Thursday, August 4, 2011


[Il Dio Chiamato Dorian]

LABEL: RaroVideo USA
DURATION: 101 mins
VIDEO: Anamorphic Widescreen (1.66:1)
AUDIO: Italian, English Dolby Digital 2.0 Mono

DIRECTOR: Massimo Dallamano
CAST: Helmut Berger, Richard Todd, Herbert Lom, Maria Rohm, Marie Lijedahl, Margaret Lee

THE SECRET LIFE OF DORIAN GRAY is a 70's Euro-Cult film from Massimo Dallamano, the director of WHAT HAVE YOU DONE TO SOLANGE? (1972), a film thats long been on my to-see list but sadly haven't gotten around to, yet. The film is based on Oscar Wilde's 1890 novel The Portrait of Dorian Gray, a novel I've always meant to get to.... are you sensing a pattern here?

The film opens in 1960's London as the title character Dorian Gray washes blood from his hands, having just murdered someone who lies dead in another room. Afterwards he stares into the flames of a fireplace contemplating the events that have lead him to this point as we are transported back in time to what I believe is the year 1953, based on a newspaper headline reading 'Is Stalin Dead?'.

Dorian Gray (Helmut Berger, THE GARDEN OF THE FINZI-CONTINI) is a swinging Londoner at a drag cabaret performance with his friends. Afterwards he ventures out on his own and wanders into a theatre where he meets the aspiring stage actress Sybil Vane (Marie Lijedahl, EUGENIE... THE STORY OF HER JOURNEY INTO PERVERSION). The chance encounter blossoms into whirlwind romance. Sybil's a positive influence on the vain, self-obsessed Dorian, keeping him centered and discouraging his lesser qualities. All is going well for the young couple until Basil (Richard Rohm, ASYLUM), a painter friend, offers to paint Dorian's portrait. After seeing the striking image Dorian is so enamoured with the portrait of himself that he buys it. He ponders aloud why should it be that he will age while the painting stays young forever, he wishes it were the other way around and offers his soul to make it so. These words uttered in a moment of supreme vainess set in motion a series of events that lead Dorian down a dark path of eternal youth, debauchery, regret and damnation.
Dorian befriends a wealthy socialite named Henry (Herbert Lom, MARK OF THE DEVIL) and his sister Gwendolyn (Margaret Lee, THE BLOODY JUDGE) and invites them to attend a theatre production starring Sybil but he becomes utterly embarrassed by her atrocious performance, it is explained that her passion for acting has waned as her love for Dorian has grown. Appalled and embarrassed Dorian abruptly ends the relationship. Sybil, out of her mind with grief, is struck dead by a car almost immediately afterwards. Unaware of the fatality Dorian spends a night of passion with the seductive Gwendolyn. The next morning, feeling remorseful over the break-up, he intends to reconcile with the starlet only to discover she's dead.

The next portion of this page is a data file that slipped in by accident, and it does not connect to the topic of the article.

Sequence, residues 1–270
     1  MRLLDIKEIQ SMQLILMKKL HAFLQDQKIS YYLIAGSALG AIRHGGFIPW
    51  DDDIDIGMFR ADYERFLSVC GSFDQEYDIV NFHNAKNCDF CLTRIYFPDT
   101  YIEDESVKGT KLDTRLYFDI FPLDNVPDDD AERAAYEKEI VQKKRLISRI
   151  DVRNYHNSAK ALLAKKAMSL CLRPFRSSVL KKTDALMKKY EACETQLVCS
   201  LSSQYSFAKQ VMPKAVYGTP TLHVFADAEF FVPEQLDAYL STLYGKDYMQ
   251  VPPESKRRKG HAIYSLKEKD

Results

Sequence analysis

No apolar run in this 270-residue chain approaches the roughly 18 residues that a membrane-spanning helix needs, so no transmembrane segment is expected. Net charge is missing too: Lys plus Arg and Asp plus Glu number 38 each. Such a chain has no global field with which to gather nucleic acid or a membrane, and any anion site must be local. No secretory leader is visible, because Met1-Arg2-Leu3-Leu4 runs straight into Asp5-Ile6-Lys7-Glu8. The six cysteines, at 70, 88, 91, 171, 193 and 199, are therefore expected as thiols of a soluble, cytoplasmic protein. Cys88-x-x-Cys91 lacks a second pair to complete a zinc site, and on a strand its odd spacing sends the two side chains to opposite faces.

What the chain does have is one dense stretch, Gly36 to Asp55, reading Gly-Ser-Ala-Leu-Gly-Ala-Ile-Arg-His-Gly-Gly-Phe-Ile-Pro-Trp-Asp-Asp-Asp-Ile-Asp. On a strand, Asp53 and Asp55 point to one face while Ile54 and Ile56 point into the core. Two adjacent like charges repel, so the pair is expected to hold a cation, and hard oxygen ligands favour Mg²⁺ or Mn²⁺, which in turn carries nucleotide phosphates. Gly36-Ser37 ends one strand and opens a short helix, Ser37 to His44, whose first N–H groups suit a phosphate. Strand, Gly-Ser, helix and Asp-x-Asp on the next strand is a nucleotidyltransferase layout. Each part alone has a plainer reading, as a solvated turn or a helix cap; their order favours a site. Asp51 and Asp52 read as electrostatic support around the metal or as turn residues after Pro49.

Soon after Dorian comes to realizes that his soul surrendering wish for eternal youth has come to fruition. Seeing the portrait age with each sinful act he commits unsettles the self-centered young man, so distressed by the supernatural aging of the portrait that he keeps it hidden away in the attic where it continues to age through the years becoming a ghastly caricature of the once gorgeous young man. Dorian, left to his own libidinous devices without Sybil, throws himself headlong into a melee of meaningless promiscuous sexual excess, there is of course the pre-requisite 70's lesbian sex scene, and pretty overt hints of a his bisexual nature. The snake in the garden of eternal youth, Henry, caresses Dorian in the shower and he soon after finds himself cruising bath houses for attractive young men. While the film is seeping with sexuality and a never ending parade of nubile flesh it never seems to get too sleazy for it's own good. I'm sure this was a scandalous theatrical experience 40 years ago but it seems somewhat tame by current standards, if still slightly risque.

The final moments of the film feature Dorian's ever youthful appearance gaining notice as he is ever-more-so haunted by what his cursed youth has wrought. He's overcome by remembrances of his betrayals, debauchery and the loss of his one true love, Sybil. It all come to a head as he faces his portrait, once a monument to his beauty, now a reflection of his grotesque inner-self.